Work Opportunity Credit: The work opportunity credit is an incentive provided to employers who hire individuals in groups whose members historically have had difficulty obtaining employment. This gives your business an expanded opportunity to employ new workers and be eligible for a tax credit against the wages paid. Credit determined based on first-year wages paid for employees hired on or before December 31, 2013.
Until 2016, tax incentives are available to taxpayers who install certain energy efficient property, such as photovoltaic panels, solar water heating property, fuel cell property, small wind energy property and geothermal heat pumps. A credit is available for the expenditures incurred for such property up to a specific percentage, except that a cap applies for fuel cell property. The property purchased cannot be used to heat swimming pools or hot tubs. If you have made improvements to your home or plan to by the end of 2013, please contact me to discuss the amount of the credit you may qualify for.
Alternative Minimum Tax
For 2013, due to legislation in early 2013, the alternative minimum tax exemption amounts retain their increased amount to help individuals avoid being subject to the AMT. The exemption amounts in place for 2013 are: (1) $80,800 for married individuals filing jointly and for surviving spouses; (2) $51,900 for unmarried individuals other than surviving spouses; and (3) $40,400 for married individuals filing a separate return. Also, for 2013, because Congress acted to extend the previous years’ rules, nonrefundable personal credits can offset an individual’s regular and alternative minimum tax, and capital gains will be taxed at lower favorable rates for AMT.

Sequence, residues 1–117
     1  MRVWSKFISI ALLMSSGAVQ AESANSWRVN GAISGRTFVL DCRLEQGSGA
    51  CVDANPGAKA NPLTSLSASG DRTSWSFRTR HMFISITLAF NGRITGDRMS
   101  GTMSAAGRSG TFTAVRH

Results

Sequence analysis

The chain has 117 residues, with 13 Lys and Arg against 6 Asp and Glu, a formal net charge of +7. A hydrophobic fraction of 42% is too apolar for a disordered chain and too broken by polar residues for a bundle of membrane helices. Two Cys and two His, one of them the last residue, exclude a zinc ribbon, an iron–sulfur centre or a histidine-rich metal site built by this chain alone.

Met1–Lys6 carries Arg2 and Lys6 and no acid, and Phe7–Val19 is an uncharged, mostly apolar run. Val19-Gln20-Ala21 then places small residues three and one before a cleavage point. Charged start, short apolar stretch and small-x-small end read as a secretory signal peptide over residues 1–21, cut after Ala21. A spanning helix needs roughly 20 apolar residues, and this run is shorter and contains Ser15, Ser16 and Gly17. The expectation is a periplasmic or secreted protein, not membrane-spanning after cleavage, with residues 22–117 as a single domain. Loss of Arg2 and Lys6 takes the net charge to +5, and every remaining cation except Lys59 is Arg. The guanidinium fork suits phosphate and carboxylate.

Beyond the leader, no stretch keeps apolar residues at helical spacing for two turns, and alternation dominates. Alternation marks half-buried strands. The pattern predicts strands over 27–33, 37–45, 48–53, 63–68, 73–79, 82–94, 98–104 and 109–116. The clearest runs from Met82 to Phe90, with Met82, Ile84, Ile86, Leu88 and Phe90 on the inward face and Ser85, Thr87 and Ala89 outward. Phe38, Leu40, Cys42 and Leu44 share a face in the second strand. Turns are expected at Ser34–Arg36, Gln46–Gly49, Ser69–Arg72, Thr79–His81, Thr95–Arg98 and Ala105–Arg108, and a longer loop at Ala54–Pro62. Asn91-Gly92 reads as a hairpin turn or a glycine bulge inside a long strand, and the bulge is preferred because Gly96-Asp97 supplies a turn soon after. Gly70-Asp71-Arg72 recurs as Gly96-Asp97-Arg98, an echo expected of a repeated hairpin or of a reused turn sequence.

If you have a stock holding due to the exercise of an incentive stock option during this year that is now below the value at the exercise date (underwater), consider selling the shares before the end of the year to avoid the AMT tax due on the original exercise of the option.
Some of the standard year-end planning ideas will not reduce tax liability if you are subject to the alternative minimum tax (AMT) because different rules apply. Because of the complexity of the AMT, it would be wise for us to analyze your AMT exposure.
Have questions about any of the above strategies? Please contact us. We can help you create a plan that will meet your financial goals and maximize your tax savings.